A video story, incorporating video and text, that was produced under curfew in Indian occupied Kashmir after Khanyar burnt in 2012.
It was early morning when we drove across the city. The camera was on my lap, covered lightly by a scarf, and on his iphone he played the Surah Yaseen. He said this was for our protection, for our safekeeping.
The streets were not exactly empty, but they had been subdued. There was an uncertain expectancy in the air. Concern.
People gathered outside their homes on the old city’s bi-lanes, and watched us pass. Noting the slightest movement on the roads they made assumptions about the state of things on the side of town that we had come from.
One man, signalling with his hand, cautioned us. We veered and took a left.
Here. The state relies not simply on the threat of what it can do, but also of what it does do. Here. People die. And here. The armed forces are given legal immunity for their actions.
That morning they were out, in groups, armed, standing on street corners, at each intersection, along the bridge. Their concertina barbed wire, ready. Their vehicles stationed, strategically. The streets had been subdued. Held back by a violence that was not as of yet actual, but potential. And very real.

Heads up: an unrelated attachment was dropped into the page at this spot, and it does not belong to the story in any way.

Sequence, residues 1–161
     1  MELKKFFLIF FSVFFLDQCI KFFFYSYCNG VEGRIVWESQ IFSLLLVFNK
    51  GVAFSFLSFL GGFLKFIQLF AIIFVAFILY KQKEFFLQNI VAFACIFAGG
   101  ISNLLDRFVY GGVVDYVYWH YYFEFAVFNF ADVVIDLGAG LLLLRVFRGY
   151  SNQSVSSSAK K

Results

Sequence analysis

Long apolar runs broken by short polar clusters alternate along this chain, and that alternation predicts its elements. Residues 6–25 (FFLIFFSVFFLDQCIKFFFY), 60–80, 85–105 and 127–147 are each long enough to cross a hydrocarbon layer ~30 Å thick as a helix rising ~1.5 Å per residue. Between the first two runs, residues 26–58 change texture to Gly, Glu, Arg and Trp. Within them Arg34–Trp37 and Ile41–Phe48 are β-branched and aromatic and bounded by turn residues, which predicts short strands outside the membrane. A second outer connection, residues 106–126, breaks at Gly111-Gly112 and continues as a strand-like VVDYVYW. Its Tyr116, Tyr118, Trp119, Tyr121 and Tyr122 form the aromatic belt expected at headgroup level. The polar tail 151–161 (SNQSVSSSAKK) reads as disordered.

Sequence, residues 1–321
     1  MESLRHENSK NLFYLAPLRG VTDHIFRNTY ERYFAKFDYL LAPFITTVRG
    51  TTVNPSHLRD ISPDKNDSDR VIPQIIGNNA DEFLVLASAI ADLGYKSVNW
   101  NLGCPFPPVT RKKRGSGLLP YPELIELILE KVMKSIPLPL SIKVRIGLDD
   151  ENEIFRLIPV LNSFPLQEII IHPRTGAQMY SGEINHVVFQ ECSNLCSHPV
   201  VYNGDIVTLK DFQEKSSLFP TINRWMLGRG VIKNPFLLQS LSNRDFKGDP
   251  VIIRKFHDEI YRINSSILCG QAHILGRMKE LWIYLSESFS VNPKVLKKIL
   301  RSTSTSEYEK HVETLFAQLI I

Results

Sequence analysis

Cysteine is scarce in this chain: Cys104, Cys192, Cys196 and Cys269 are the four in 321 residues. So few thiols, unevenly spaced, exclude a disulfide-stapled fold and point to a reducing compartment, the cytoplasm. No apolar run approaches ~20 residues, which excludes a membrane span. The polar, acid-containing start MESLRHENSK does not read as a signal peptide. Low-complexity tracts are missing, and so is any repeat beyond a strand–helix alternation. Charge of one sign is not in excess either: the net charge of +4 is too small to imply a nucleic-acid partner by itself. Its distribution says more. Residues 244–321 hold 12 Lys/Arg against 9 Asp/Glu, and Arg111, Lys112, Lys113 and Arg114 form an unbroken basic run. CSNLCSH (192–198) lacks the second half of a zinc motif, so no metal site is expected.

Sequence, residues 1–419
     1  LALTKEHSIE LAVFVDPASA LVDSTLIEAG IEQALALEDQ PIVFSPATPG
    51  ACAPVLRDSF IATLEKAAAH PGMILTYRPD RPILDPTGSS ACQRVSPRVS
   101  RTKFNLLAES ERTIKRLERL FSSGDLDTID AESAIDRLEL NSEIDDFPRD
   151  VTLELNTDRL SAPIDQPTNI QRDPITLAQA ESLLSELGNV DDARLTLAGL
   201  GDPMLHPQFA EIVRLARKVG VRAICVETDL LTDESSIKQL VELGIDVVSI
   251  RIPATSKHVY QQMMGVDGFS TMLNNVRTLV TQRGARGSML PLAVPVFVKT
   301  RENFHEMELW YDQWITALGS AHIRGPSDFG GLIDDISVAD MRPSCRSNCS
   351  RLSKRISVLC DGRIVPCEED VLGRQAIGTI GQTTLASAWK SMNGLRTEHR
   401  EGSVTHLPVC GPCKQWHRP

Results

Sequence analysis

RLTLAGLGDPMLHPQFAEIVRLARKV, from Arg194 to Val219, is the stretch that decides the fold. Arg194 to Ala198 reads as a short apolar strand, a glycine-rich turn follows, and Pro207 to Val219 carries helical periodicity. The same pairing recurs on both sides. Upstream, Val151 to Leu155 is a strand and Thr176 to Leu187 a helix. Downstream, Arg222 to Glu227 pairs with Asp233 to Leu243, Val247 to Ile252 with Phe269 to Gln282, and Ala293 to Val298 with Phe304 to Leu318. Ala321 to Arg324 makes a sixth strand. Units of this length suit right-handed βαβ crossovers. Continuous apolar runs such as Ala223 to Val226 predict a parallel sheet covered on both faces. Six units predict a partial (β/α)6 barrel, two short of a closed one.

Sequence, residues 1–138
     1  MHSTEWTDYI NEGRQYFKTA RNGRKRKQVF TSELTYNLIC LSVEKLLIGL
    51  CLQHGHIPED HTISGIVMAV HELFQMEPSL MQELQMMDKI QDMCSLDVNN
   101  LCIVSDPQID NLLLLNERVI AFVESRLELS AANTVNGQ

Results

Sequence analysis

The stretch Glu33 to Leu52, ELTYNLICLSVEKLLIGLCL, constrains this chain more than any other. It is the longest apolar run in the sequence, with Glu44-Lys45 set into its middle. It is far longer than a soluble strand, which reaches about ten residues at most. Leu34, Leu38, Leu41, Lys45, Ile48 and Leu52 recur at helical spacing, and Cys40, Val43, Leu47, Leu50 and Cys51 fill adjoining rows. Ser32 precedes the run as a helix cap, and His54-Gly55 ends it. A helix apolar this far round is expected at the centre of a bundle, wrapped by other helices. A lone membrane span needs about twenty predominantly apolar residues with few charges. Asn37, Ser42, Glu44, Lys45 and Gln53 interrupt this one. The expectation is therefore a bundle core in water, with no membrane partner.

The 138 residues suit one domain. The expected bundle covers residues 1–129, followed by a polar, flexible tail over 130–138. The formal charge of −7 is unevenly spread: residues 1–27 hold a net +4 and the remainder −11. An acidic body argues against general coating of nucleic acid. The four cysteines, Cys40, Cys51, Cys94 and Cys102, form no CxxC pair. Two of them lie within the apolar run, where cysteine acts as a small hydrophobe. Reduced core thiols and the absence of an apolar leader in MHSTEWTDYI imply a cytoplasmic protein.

As we drove home, early that morning, through a city that was under curfew – through a city that had been under curfew countless times before – we barely spoke. I held the camera on my lap, covered lightly by a scarf, and on his iphone he played the Surah Yaseen.
I turned back, and that early morning view shook me. I spun the camera around, pulled it from under my scarf, and pushed it out of the left hand side of the car. As they say, If there is a heaven on earth, it is here, it is here, it is here.
Then suddenly we were stopped. I pulled the camera down and covered it again. They questioned the driver, and then let us pass. Only three more kilometres till home. And on his iphone he played the Surah Yaseen.
for Neelofar, Manzoor and Rupin – after Khanyar
New work by Alana Hunt and Ingrid Dernee, Mori Gallery, Sydney, 2012.